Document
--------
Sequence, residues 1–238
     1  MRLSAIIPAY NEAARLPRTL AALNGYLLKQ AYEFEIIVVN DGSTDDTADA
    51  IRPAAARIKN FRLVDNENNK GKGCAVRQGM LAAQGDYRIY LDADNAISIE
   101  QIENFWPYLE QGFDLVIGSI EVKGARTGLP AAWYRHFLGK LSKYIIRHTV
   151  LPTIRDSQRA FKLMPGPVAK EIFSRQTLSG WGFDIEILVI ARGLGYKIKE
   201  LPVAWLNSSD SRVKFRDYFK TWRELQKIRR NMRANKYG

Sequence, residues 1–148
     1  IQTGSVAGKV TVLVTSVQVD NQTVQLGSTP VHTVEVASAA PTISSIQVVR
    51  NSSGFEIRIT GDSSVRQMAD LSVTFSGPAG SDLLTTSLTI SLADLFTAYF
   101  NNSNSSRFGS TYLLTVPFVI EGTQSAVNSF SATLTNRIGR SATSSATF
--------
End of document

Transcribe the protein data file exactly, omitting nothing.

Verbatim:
Sequence, residues 1–238
     1  MRLSAIIPAY NEAARLPRTL AALNGYLLKQ AYEFEIIVVN DGSTDDTADA
    51  IRPAAARIKN FRLVDNENNK GKGCAVRQGM LAAQGDYRIY LDADNAISIE
   101  QIENFWPYLE QGFDLVIGSI EVKGARTGLP AAWYRHFLGK LSKYIIRHTV
   151  LPTIRDSQRA FKLMPGPVAK EIFSRQTLSG WGFDIEILVI ARGLGYKIKE
   201  LPVAWLNSSD SRVKFRDYFK TWRELQKIRR NMRANKYG

Sequence, residues 1–148
     1  IQTGSVAGKV TVLVTSVQVD NQTVQLGSTP VHTVEVASAA PTISSIQVVR
    51  NSSGFEIRIT GDSSVRQMAD LSVTFSGPAG SDLLTTSLTI SLADLFTAYF
   101  NNSNSSRFGS TYLLTVPFVI EGTQSAVNSF SATLTNRIGR SATSSATF